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Find the electric field

  1. Feb 1, 2008 #1

    tony873004

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    [​IMG]
    I know I can express the distance from a point on the z-axis from the charge 2q as sqr(2a2+z2).

    But I don't know how to express the distances to the other charges. I guess I could start by saying:

    Let A be the point where charge q sits, B the point where charge 2q sits. Then the distance from a point on the z-axis to charge q would be sqrt((|AB|-a) 2+a2+z2)

    and then do the same for the other charges. But this seems like a lot of work. I wouldn't imagine I'm supposed to start making up names for the points. Am I barking up the right tree with this method?
     
  2. jcsd
  3. Feb 2, 2008 #2
    Aren't they all just the same? The four corners of the square are sqrt{2}a units away from its centre.

    For example, the location of -3q is (a,-a). So the distance to the origin from that point would be

    [tex]\sqrt{\left(a-0\right)^2 + \left(-a-0\right)^2} = \sqrt{2a^2}[/tex]
     
    Last edited: Feb 2, 2008
  4. Feb 2, 2008 #3

    Dick

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    So what's AB? It looks to me from the picture like all of the charges are supposed to be the same distance from a point on the z axis. I.e. the origin O is the center of the square.
     
  5. Feb 2, 2008 #4

    tony873004

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    That's what I thought, but I measured it. It's clearly off-center by a few millimeters. It even looks off-center which is why I double checked. This problem has 3 diamonds next to it which means it's supposed to be a butt-kicker. If the z-axis were in the middle, then it would be easy.
     
  6. Feb 2, 2008 #5

    Dick

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    If that were true, wouldn't they label the off-center distance?
     
  7. Feb 2, 2008 #6

    tony873004

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    It's the lack of labeling that has me concerned, and makes me think this is a trick question. If it were centered, I would expect them to throw in a few more <-a-> 's to remove all ambiguity. Even if I measured it, and it were perfect, we shouldn't be expected to measure figures in the textbook. I'd still be nervous about assuming that it were centered.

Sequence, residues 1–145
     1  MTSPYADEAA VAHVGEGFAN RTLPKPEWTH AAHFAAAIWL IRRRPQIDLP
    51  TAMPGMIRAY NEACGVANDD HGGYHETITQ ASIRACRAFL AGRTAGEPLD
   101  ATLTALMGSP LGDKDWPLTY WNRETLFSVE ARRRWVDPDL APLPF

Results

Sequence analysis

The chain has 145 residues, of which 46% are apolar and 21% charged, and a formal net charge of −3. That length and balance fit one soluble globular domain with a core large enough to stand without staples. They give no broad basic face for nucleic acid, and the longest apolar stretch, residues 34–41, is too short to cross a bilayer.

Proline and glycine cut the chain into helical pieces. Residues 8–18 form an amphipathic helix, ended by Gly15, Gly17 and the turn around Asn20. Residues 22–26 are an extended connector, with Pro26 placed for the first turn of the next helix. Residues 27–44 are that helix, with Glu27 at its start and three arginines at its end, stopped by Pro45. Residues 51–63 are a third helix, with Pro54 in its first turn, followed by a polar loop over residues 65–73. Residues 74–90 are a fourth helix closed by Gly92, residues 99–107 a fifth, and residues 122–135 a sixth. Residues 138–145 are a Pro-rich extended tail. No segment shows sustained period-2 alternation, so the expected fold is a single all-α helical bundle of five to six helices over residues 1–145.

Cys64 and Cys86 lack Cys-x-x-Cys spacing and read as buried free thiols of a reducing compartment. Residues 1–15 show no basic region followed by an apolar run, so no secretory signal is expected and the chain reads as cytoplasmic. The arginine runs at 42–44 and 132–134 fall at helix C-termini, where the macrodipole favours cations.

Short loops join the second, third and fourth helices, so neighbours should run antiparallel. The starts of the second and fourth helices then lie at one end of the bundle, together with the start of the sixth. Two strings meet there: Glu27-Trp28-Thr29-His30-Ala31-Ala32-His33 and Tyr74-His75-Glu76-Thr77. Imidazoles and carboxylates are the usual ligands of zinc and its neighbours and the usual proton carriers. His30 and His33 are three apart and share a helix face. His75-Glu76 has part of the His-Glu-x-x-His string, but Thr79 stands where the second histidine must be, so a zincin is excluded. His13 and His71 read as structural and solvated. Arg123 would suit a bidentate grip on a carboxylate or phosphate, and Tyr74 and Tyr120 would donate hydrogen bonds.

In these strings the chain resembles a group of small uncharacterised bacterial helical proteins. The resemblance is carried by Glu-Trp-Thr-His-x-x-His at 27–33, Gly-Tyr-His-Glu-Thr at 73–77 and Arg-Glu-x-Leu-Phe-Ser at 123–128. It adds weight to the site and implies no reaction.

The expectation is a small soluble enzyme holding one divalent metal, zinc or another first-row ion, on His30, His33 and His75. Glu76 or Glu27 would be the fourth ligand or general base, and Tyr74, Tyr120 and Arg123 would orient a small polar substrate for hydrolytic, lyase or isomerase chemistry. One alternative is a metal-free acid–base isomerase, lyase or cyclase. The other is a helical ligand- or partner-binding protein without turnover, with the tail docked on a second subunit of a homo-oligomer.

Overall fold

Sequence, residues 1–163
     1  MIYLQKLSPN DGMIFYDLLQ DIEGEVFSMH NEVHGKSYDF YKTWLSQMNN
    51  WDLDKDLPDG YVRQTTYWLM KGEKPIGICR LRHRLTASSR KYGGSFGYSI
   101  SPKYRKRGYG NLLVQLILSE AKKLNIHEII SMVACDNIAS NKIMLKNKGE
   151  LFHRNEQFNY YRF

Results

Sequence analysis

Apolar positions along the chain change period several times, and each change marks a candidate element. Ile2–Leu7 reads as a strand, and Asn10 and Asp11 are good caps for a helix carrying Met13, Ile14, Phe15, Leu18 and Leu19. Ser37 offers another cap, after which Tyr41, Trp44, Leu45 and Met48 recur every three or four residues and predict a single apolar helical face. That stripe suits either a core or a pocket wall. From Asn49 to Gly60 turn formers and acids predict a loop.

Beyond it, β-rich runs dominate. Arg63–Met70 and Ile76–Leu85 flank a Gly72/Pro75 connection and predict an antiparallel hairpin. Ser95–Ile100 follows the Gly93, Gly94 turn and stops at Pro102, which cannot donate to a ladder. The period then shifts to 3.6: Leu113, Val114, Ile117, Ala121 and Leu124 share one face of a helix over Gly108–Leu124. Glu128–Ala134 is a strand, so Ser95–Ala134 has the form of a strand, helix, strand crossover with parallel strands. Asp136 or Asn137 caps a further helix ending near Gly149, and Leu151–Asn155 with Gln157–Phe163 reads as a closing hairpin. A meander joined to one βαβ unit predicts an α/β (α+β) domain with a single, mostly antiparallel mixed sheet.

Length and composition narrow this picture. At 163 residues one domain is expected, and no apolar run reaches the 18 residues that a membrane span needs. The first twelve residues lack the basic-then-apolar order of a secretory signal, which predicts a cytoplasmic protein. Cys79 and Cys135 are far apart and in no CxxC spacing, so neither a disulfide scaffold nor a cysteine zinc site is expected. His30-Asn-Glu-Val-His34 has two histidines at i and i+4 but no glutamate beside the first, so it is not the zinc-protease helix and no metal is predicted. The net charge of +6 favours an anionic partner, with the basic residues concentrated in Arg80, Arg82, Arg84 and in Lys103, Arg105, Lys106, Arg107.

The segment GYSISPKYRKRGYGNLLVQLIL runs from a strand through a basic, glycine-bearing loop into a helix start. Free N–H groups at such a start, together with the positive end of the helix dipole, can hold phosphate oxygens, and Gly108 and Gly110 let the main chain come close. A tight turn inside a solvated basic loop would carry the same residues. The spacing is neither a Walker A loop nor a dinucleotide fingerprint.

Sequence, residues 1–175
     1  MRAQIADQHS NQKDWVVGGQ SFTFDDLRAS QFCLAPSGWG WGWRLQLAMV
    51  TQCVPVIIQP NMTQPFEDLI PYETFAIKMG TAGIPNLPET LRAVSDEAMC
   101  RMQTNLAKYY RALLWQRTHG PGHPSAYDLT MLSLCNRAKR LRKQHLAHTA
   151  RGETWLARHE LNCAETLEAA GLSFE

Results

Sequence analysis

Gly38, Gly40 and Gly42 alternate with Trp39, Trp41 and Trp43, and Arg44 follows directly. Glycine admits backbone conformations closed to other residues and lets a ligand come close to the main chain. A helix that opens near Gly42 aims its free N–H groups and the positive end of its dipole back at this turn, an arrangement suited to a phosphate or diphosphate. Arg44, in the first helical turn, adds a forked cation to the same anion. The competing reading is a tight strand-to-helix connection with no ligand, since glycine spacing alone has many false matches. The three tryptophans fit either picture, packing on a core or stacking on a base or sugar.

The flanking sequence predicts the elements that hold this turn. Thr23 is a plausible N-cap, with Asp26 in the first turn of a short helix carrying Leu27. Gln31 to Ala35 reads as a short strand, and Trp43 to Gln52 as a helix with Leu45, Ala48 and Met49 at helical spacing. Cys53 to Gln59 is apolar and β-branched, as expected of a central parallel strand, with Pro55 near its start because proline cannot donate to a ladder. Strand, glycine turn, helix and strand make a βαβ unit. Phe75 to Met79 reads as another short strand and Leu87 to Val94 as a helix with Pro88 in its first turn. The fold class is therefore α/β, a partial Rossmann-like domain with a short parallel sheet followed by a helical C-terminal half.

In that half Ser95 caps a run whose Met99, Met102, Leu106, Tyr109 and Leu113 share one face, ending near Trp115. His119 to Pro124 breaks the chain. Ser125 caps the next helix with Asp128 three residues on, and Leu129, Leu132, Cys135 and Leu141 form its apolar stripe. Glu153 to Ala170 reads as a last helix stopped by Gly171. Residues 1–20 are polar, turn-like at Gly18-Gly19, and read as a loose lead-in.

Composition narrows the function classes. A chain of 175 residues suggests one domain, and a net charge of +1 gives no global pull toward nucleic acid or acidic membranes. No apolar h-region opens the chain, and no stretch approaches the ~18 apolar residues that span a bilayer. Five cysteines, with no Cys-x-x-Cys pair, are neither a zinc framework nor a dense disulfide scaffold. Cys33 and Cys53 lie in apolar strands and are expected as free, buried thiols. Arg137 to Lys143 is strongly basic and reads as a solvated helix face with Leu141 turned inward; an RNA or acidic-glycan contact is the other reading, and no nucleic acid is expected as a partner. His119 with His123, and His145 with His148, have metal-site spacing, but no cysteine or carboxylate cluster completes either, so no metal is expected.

8. Feb 2, 2008 #7
    Just a note tony, you may want try it and see what you get if they were the same distances and see if it matches the solution. I don't know if that's a Walker physics text, but mine is. . and sometimes I wonder about their "diamonds of difficulty" system.

    Sometimes the "no diamond" problems make me want to eat razor blades while a three diamond is a walk in the park.

    Caesy

    EDIT: Sorry, just noticed it's an even-numbered problem=no solution to check. . . and I spelled my name wrong!!
     
  9. Feb 2, 2008 #8

    tony873004

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    and I'm taking Physics advice from you?! :rofl:

    I'm not using Walker. I'm using "Physics, the Nature of Things" by Lea. The 3-diamond questions do tend to be tough in Lea. I like Walker better. Lea over-explains stuff, and Walker gets straight to the point. But Lea tends to be meticulous, which is why I'm doubting that the z-axis is centered in the illustration. It looks off-center, it measures off-center, and it's not labelled properly, missing some <-a-> s that a properly-labeled, z-axis in the middle drawing should have.
     
  10. Feb 2, 2008 #9
    well, I'm not sure, but if it isn't in the center, and all data is given in figure, how is suppose to you find out the distance of q, 6q and -3q to the center?? use center square.
     
  11. Feb 4, 2008 #10

    tony873004

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    You were all correct. We were told to assume the z-axis is centered.
     
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